Lorsch is a lifelong musician and began playing the violin at the age of seven. During his performances he uses the violin, octoviolin, and cello to tell his story, adding commentary and narratives along the way. Based in Nashville, Lorsch has a more than 40-year career in the music industry as a producer, session player, arranger, and songwriter. He has produced critically acclaimed records and has contributed to Grammy and Emmy Award-winning projects.

Ultimately, Dr. Raines believes that the audience will not only be entertained, he also believes they will be inspired to reflect on our collective capacity for kindness, benevolence, decency, and grace. “Empathy is the ultimate antidote to dehumanization, and stories help us to identify the humanness in others,” he says. “Maybe this is a good time to remind ourselves that we are all much more alike than we are different.”

For more information about Tim Lorsch and his project, The Suitcase, go to For event information or other opportunities in the JSCC Honors Program, contact Dr. Bob Raines at 731-424-3520 x. 50438 or by email at, or Mary Wadley for International Education at 731-424-3520 x. 50252 or by email at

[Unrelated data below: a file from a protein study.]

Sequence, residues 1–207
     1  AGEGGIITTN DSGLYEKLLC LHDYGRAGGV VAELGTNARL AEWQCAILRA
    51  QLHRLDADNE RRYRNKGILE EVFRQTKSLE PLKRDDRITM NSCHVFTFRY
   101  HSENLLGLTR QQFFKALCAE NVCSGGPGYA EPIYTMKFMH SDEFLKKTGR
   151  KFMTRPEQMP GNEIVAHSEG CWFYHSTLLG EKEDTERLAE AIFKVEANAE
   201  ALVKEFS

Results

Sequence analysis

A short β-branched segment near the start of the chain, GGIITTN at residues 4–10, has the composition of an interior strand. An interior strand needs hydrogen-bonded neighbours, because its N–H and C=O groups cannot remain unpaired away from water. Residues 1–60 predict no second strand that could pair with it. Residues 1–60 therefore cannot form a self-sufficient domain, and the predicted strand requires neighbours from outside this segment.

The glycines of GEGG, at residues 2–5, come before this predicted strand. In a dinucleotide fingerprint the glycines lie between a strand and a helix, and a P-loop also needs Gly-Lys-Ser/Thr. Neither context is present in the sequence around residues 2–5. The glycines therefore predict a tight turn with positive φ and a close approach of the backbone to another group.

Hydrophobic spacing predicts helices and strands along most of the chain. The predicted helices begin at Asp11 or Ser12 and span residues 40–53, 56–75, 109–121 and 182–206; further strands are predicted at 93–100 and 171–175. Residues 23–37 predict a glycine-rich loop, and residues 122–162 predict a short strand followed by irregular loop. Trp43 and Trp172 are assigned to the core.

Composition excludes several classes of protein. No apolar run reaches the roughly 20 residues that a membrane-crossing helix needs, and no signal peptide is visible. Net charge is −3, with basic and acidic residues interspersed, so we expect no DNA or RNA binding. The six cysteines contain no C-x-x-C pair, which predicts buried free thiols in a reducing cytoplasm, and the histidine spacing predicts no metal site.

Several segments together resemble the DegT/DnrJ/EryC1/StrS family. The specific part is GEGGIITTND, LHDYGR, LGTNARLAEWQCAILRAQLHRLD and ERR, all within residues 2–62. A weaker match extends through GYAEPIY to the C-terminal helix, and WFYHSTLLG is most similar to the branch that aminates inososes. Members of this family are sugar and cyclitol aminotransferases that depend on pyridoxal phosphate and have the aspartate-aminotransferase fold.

Irish Folk Musicians, Paul Brock Band, to perform free concert at JSCC

Internationally recognized Irish folk musician Paul Brock and his band are scheduled to appear at Jackson State Community College on Monday, November 12 at 6:30 p.m. in the college’s Ayers Auditorium. The performance is free and open to the public.

Paul Brock has previously performed at Jackson State as a part of the Brock McGuire Band. Brock returns to Jackson along with musicians who include: Shane Ferrell on banjo, fiddle, bodhran, and mandolin; Denis Carey on piano; and Eimear Arkins on fiddle, vocals, and dancing.